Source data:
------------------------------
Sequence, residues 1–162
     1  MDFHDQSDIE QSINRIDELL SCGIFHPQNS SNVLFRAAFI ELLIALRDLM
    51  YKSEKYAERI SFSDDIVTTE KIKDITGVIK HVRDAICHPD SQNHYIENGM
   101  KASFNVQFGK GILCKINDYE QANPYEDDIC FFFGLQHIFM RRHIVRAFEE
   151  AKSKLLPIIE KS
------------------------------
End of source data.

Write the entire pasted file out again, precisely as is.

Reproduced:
Sequence, residues 1–162
     1  MDFHDQSDIE QSINRIDELL SCGIFHPQNS SNVLFRAAFI ELLIALRDLM
    51  YKSEKYAERI SFSDDIVTTE KIKDITGVIK HVRDAICHPD SQNHYIENGM
   101  KASFNVQFGK GILCKINDYE QANPYEDDIC FFFGLQHIFM RRHIVRAFEE
   151  AKSKLLPIIE KS